but others can differ in meaning, influencing the readers’ understanding. An example of this
Revelation 22:19; the King James Version mentions the book of life, while other versions, such as
New International Version, discusses the tree of life. This led me to question the authenticity of the
knowledge acquired when reading texts in translation, especially in terms of religion, which is based
on belief rather than fact. Language can also act as a barrier to one’s acquisition of knowledge, if
there are words which do not have an equivalent in another language. As a result, it may be
established that texts cannot be translated into different languages while retaining the original
A person may accept or reject knowledge depending upon which ethical view they have. For
example, an egoist may reject the notion that performance of a person is increased when working in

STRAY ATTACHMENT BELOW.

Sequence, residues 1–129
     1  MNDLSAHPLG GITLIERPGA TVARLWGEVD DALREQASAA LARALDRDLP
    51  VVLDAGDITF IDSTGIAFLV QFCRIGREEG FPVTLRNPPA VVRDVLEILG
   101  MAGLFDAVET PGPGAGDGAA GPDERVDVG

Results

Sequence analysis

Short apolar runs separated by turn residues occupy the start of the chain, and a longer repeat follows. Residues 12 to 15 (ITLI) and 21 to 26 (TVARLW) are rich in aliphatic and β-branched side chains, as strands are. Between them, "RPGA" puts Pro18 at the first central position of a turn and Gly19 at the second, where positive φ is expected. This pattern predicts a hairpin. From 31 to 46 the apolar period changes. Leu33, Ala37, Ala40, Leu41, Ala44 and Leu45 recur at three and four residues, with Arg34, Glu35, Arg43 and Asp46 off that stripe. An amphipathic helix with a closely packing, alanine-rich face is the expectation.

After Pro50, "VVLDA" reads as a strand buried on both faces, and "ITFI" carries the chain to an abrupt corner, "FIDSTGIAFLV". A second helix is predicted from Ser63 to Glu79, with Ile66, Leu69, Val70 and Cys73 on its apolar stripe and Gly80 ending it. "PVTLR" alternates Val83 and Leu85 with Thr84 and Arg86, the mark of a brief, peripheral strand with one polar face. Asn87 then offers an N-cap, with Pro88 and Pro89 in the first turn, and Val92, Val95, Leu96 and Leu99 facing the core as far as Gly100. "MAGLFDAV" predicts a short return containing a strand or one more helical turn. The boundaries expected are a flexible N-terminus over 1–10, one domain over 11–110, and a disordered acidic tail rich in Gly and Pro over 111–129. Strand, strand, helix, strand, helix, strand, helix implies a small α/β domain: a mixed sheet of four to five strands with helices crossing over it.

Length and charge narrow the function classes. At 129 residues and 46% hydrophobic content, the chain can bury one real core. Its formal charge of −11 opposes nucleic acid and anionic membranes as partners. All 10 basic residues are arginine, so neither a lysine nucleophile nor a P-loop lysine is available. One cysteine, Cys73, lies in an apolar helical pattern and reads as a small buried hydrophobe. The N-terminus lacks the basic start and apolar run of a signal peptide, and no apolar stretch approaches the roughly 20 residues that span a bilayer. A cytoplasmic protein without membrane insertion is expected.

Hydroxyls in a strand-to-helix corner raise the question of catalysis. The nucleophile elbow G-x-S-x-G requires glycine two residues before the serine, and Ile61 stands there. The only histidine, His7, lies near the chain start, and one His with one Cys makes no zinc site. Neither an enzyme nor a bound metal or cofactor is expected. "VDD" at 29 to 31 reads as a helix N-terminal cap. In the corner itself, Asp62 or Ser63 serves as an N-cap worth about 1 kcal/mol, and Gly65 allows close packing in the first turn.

a group, or simply choose not to utilise the knowledge gained. This presents the question of if
knowledge is not used, shared or discussed, then one may be unable to classify that information as
knowledge at all, or the value of said knowledge may be greatly diminished. Nevertheless, it is rare
that one person will be completely inclined to one ethical view, and it is more likely that they will
accept or reject knowledge depending on the information and statistics used as evidence.
Religious ethics can also alter the knower's validity of knowledge as certain people may accept or
reject theories according to what they choose to believe. For example, a religious person or agnostic
will believe in the existence of a deity, and hence they will accept knowledge which supports this,